The next day we landed at Sidon; and Julius, in kindness to Paul, allowed him to go to his friends so they might provide for his needs.
From there we put out to sea again and passed to the lee of Cyprus because the winds were against us.
When we had sailed across the open sea off the coast of Cilicia and Pamphylia, we landed at Myra in Lycia.
There the centurion found an Alexandrian ship sailing for Italy and put us on board.
We made slow headway for many days and had difficulty arriving off Cnidus. When the wind did not allow us to hold our course, we sailed to the lee of Crete, opposite Salmone.
We moved along the coast with difficulty and came to a place called Fair Havens, near the town of Lasea.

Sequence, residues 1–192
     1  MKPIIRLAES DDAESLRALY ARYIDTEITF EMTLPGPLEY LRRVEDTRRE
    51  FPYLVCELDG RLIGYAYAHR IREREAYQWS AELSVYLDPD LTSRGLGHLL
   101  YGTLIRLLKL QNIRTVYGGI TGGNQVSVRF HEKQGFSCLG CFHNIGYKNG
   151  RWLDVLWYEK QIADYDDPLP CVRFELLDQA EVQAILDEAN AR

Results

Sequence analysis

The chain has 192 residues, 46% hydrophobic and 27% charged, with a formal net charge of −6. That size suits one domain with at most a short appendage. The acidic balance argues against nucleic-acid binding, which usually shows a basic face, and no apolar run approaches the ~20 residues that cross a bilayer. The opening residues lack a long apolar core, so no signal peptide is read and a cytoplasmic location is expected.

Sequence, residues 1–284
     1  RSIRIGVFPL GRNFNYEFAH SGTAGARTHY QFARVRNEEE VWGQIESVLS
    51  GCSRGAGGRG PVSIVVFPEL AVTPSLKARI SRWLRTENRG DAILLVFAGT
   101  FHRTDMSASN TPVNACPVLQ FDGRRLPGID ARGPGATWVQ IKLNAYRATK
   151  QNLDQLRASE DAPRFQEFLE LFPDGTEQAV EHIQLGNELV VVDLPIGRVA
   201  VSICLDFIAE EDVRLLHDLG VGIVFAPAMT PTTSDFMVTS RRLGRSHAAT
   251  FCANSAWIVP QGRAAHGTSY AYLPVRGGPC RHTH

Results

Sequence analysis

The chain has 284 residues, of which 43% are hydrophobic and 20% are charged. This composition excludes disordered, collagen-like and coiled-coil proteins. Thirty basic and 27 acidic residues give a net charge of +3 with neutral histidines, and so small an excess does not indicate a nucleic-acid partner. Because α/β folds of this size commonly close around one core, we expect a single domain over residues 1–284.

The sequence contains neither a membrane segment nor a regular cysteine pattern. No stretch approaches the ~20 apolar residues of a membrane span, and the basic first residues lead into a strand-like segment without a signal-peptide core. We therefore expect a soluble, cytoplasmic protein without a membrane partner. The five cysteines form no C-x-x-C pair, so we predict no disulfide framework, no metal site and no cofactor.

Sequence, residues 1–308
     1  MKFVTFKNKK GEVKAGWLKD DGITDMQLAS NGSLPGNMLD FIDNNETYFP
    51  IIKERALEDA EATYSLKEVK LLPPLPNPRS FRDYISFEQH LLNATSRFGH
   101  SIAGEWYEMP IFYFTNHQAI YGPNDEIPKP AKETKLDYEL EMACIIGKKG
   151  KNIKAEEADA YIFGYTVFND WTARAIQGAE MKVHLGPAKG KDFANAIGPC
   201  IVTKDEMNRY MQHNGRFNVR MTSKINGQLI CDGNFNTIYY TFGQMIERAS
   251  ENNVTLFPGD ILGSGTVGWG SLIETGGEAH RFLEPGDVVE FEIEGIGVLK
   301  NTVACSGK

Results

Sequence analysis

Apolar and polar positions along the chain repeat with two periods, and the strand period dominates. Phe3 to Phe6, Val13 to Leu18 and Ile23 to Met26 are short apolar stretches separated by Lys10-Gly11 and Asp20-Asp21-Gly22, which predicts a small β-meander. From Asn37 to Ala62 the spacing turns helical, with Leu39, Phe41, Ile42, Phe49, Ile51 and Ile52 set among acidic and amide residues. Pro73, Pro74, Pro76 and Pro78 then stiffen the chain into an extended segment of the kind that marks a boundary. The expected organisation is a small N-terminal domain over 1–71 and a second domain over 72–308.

Much time had been lost, and sailing had already become dangerous because by now it was after the Day of Atonement. So Paul warned them,
“Men, I can see that our voyage is going to be disastrous and bring great loss to ship and cargo, and to our own lives also.”
But the centurion, instead of listening to what Paul said, followed the advice of the pilot and of the owner of the ship.
Since the harbor was unsuitable to winter in, the majority decided that we should sail on, hoping to reach Phoenix and winter there. This was a harbor in Crete, facing both southwest and northwest.
When a gentle south wind began to blow, they saw their opportunity; so they weighed anchor and sailed along the shore of Crete.